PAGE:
In the mid-1930s Meridian, Mississippi, like many midsized southern cities, began seeking funds to build a modern airport. The bumpy grass runway had little appeal to the new commercial airlines of the day, and Meridian’s boosters wanted their city to appear on the world’s air map. The airport’s operators, Algene Earl Key and Frederick Maurice Key, thought that publicity stunt would generate interest in the project, and they decided to establish a new world record for sustained flight. To do so, they had to overcome numerous obstacles, including finding safe ways to refuel and service their plane while in flight.
Securing the help of A. D. Hunter and James Keeton, the Key Brothers located a Curtis-Robbins high-wing monoplane powered by a 165-horsepower Wright Whirlwind engine. They named the little plane the Ole Miss. The aircraft was modified with a one hundred fifty-gallon fuel tank and a catwalk from the enclosed cockpit out toward the propeller. The Key Brothers would take turns making the hazardous journey along the catwalk to service the engine and refuel the plane. They also designed a spill-free air-to-air refueling nozzle to keep fuel from splattering over the aircraft and starting a fire. During the record-setting flight, Hunter and Keeton would fly a similar plane above Ole Miss, lowering engine oil and food as well as refueling via the nozzle-hose contraption. The brothers’ wives, Louise and Evelyn, would provide meals for Hunter and Keeton to deliver.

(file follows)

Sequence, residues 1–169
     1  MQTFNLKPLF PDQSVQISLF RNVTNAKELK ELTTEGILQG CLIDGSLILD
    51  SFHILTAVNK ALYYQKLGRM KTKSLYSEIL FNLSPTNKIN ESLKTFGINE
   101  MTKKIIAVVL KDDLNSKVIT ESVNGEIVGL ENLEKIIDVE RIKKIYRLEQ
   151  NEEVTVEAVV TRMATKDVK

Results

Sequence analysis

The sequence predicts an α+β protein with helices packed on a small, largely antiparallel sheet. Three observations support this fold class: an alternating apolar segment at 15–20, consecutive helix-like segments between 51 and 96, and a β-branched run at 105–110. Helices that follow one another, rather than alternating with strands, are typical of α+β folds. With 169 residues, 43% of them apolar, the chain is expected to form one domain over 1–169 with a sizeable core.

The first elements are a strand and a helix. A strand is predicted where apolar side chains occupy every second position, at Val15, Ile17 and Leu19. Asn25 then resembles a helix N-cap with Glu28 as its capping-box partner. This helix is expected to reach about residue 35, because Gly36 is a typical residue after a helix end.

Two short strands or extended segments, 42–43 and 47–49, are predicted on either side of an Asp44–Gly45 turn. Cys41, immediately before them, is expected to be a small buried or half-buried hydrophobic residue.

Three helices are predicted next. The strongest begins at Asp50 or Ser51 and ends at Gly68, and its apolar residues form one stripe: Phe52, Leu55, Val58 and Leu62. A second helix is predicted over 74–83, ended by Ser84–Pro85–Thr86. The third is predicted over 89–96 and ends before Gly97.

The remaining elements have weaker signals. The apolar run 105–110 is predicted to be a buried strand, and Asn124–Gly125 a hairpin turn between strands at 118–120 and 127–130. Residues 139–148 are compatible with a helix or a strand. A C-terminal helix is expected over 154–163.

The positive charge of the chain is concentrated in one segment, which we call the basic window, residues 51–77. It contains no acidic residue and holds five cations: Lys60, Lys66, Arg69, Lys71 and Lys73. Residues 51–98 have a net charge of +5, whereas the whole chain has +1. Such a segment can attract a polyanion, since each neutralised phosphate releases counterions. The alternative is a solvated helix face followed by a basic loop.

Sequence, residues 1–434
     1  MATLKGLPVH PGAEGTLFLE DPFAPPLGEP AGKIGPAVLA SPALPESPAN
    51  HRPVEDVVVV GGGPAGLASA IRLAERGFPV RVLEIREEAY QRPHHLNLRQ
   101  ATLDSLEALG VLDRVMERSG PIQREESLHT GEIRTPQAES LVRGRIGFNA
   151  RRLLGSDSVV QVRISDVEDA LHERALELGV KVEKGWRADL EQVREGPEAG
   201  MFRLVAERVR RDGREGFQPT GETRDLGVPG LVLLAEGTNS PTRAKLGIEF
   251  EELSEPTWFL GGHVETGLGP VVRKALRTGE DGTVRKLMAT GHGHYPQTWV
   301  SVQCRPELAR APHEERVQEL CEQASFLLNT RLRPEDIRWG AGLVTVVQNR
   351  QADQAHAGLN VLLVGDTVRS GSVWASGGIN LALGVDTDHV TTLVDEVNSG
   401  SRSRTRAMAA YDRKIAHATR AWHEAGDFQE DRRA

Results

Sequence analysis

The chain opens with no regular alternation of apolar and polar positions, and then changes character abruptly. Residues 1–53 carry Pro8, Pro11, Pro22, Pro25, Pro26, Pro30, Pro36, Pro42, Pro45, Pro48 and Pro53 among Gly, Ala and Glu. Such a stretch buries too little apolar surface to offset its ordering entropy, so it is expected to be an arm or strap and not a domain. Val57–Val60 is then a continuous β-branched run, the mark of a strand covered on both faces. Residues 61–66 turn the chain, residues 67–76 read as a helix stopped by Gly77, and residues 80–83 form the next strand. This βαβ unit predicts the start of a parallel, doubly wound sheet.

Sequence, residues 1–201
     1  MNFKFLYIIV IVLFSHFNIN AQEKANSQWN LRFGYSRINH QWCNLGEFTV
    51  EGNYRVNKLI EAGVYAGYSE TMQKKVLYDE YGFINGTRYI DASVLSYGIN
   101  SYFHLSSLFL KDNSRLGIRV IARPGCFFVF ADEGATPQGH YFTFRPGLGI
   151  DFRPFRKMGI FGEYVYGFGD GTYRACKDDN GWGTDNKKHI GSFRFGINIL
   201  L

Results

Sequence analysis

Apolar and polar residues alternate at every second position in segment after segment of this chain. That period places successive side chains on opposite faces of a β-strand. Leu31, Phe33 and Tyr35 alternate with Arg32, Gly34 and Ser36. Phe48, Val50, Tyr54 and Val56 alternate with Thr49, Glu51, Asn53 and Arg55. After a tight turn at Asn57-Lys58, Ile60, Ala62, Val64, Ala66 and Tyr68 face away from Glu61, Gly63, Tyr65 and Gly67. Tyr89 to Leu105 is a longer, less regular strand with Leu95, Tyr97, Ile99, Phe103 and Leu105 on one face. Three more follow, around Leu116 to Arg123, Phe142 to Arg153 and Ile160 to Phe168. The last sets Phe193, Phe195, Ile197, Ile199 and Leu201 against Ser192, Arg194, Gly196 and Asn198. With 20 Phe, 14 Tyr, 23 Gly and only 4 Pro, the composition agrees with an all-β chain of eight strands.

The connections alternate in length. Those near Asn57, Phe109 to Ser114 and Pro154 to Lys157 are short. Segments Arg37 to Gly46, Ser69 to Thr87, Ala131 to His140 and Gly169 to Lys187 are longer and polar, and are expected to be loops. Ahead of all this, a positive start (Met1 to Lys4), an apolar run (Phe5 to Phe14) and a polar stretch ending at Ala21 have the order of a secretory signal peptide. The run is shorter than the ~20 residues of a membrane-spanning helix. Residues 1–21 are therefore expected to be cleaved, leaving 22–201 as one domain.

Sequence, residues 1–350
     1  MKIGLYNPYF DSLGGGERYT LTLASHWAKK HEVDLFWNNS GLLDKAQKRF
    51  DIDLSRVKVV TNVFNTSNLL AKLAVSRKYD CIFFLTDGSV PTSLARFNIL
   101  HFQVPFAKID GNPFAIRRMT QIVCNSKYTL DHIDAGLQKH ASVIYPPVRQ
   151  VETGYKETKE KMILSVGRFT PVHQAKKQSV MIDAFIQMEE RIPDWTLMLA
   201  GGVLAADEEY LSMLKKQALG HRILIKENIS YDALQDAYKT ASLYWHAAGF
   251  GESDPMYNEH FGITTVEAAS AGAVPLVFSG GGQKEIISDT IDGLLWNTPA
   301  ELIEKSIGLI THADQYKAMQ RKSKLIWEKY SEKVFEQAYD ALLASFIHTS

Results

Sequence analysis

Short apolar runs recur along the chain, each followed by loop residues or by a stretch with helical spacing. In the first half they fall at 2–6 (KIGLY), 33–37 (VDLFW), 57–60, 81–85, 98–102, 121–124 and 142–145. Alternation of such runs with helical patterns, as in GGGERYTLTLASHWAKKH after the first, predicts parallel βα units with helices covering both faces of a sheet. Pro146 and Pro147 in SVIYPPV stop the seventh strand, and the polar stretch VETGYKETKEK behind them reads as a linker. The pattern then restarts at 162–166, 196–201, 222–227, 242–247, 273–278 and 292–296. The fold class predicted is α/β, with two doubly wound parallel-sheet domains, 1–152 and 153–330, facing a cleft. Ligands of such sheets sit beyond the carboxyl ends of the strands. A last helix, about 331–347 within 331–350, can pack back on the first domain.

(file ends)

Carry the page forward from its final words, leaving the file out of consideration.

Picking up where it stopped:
The Key Brothers promoted their proposed adventure in the local media, and after two unsuccessful attempts in 1934, on 4 June 1935 a modest crowd watched as they lifted off the grass strip at 12:32 p.m. Their flight plan took them on looping patterns above the greater Meridian area. As the Keys remained aloft for first one week and then two and three, intrigued local citizens watched from the ground, joking that Louise and Evelyn would divorce their husbands for desertion.
For nearly four weeks, the brothers took turns flying and servicing the plane, enduring a lack of restful sleep, thunderstorms, and filthy conditions that inflamed their eyes. In addition, an electrical fire broke out on board, and the Curtis nearly collided with the refueling plane on several occasions.
At 6:06 p.m. on 1 July 1935 the Key brothers landed the Ole Miss in the middle of the grassy strip in front of more than thirty thousand onlookers. A few months later, the City of Meridian began building a new airport, Key Field.
During their twenty-seven-days aloft, the Key Brothers flew for 653 hours, 34 minutes, and covered 52,320 miles—enough to circle the earth twice. The Wright engine made more than sixty-one million revolutions, consumed six thousand gallons of fuel, and used three hundred gallons of oil while maintaining an average airspeed of eighty miles per hour. It received fuel and supplies from the other aircraft 432 times. The Keys’ record for sustained flight would not be broken until the Apollo moon missions of the 1960s.
In 1955 Fred Key had the Ole Miss restored and flew the plane to Washington, D.C., where it remains on display at the Smithsonian National Air and Space Museum. The Army Air Corps adopted the Keys’ style of in-flight refueling during World War II, and a modified version of the valve that Hunter invented for their flight remains in use by US military aircraft.
Both Al and Fred Key served as bomber pilots during World War II, winning the Distinguished Flying Cross and other honors. Al Key remained in the US Air Force until 1960, when he retired with the rank of colonel. He served as mayor of Meridian from 1965 until 1973. Fred Key ran Key Brothers Aviation Service at Key Field until his death.
- Stephen Owen, The Flying Key Brothers and Their Flight to Remember (1985)
- Edward Park, Smithsonian Magazine (1997)
- Smithsonian National Air and Space Museum website, www.airandspace.si.edu